By Real Estates Disputes partner, Tim Rayner

Much has been written in the legal, property and general press about the difficulties surrounding the issue of commercial rents; the headlines often being grabbed by reports of battles between non-institutional landlords and large national retailers.  

 Last week the Government announced new temporary measures which represent a potential life line to high street businesses but which conversely, without a similarly landlord-friendly package from the Government maybe a nail in the coffin for smaller investment landlords who are reliant on rent for survival.  The Government describes some landlords as being “aggressive” but in some instances, it may be fairer to describe some as desperate or relying on existing legal rights. 

 Under the Coronavirus Act 2020 the Government had already temporarily banned forfeiture (i.e. eviction) for non-payment of rent.   That left landlords with a more limited range of unilateral options for seeking to recover unpaid rents which included taking a rent deposit, issuing debt proceedings,  the use of Commercial Rent Arrear Recovery (“CRAR”) and finally, winding up petitions.   

 Under the new measures announced yesterday by the Business Secretary, the latter two of those remedies, namely, CRAR and winding up have been severely restricted. The Business Secretary said: “Some landlords have been putting tenants under undue pressure by using aggressive debt recovery tactics.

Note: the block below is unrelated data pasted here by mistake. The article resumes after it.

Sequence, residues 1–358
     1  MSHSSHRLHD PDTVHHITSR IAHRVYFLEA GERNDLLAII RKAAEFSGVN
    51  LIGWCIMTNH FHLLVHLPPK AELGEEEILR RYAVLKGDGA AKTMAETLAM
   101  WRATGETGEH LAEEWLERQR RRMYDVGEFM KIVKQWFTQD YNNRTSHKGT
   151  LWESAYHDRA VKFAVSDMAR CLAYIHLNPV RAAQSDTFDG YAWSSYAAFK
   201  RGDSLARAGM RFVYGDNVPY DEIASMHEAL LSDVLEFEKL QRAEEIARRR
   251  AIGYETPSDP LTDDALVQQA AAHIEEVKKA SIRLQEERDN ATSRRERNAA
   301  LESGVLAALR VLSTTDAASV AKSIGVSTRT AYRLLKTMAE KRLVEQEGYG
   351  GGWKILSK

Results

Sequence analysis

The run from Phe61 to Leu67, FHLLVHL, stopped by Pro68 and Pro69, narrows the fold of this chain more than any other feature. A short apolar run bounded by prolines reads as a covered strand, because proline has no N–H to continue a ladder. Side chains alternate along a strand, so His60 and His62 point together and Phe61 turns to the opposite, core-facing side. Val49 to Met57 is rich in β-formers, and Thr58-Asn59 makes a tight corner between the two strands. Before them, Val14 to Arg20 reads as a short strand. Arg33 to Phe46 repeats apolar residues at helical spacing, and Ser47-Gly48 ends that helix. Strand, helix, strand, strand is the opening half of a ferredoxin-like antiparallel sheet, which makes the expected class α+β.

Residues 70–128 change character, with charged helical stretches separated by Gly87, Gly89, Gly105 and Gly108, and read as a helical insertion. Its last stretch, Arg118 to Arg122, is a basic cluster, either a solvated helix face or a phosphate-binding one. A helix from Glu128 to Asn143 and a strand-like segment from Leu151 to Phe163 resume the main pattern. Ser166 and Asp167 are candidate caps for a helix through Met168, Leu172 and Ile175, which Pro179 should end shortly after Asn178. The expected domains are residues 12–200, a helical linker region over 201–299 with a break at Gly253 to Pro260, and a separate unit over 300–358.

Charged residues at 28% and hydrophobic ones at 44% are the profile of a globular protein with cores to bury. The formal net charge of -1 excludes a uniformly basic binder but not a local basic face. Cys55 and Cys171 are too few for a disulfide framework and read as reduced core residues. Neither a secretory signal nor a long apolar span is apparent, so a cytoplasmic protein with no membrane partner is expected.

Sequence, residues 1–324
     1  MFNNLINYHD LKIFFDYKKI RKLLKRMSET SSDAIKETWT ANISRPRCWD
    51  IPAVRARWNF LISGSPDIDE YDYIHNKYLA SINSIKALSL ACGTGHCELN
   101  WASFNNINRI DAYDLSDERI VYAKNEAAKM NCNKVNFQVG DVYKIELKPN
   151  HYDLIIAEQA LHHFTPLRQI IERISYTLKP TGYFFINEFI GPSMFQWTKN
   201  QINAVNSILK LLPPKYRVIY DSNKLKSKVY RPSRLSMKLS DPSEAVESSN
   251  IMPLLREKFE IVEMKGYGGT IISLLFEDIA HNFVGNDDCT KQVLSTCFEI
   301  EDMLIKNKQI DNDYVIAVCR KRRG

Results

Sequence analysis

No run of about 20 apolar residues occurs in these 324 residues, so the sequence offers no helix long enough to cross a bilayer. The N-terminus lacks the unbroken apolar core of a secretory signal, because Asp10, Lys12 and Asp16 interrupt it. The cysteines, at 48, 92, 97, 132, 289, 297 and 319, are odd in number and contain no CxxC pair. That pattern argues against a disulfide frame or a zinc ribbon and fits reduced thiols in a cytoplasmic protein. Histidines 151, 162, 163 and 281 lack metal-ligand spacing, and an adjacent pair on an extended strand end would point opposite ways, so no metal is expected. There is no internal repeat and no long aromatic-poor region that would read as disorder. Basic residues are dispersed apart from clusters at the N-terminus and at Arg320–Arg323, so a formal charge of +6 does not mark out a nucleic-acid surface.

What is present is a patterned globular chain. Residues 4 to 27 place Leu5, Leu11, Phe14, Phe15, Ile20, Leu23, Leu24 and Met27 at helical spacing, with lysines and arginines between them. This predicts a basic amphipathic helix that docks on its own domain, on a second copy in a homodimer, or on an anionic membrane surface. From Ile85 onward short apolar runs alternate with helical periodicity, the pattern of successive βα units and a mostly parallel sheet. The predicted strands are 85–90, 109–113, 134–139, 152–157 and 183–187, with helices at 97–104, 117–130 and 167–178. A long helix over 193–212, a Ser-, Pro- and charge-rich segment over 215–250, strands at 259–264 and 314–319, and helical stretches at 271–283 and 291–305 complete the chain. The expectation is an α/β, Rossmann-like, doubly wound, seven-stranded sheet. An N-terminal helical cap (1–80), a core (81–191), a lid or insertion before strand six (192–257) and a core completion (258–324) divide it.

To stop these unfair practices, the government will temporarily ban the use of statutory demands and winding up orders where a company cannot pay their bills due to coronavirus, to ensure they do not fall into deeper financial strain. The measures will be included in the Corporate Insolvency and Governance Bill, which the Business Secretary Alok Sharma set out earlier this month.

 Government is also laying secondary legislation to provide tenants with more breathing space to pay rent by preventing landlords using Commercial Rent Arrears Recovery (CRAR) unless they are owed 90 days of unpaid rent.” 

 At the same time, the Government said it “calls on tenants to pay rents where they can afford it or what they can in recognition of the strains felt by commercial landlords too” and that it was “working with banks and investors to seek ways to address [the very serious pressures on landlords] and guide the whole sector through the pandemic”. 

 • Clearly these measures are designed to help High Street businesses, many of whom are badly in need of support to protect their cash.  The measures will prevent High Street businesses from those landlords who are pursuing tenants who simply cannot pay the rents at this time.   

 • To avoid a winding up order a tenant will need to show that the reason they cannot pay is “due to coronavirus”.  It remains to be seen the extent to which landlords will press tenants on showing the inability to pay is in fact coronavirus-related or simply because they do not want to pay.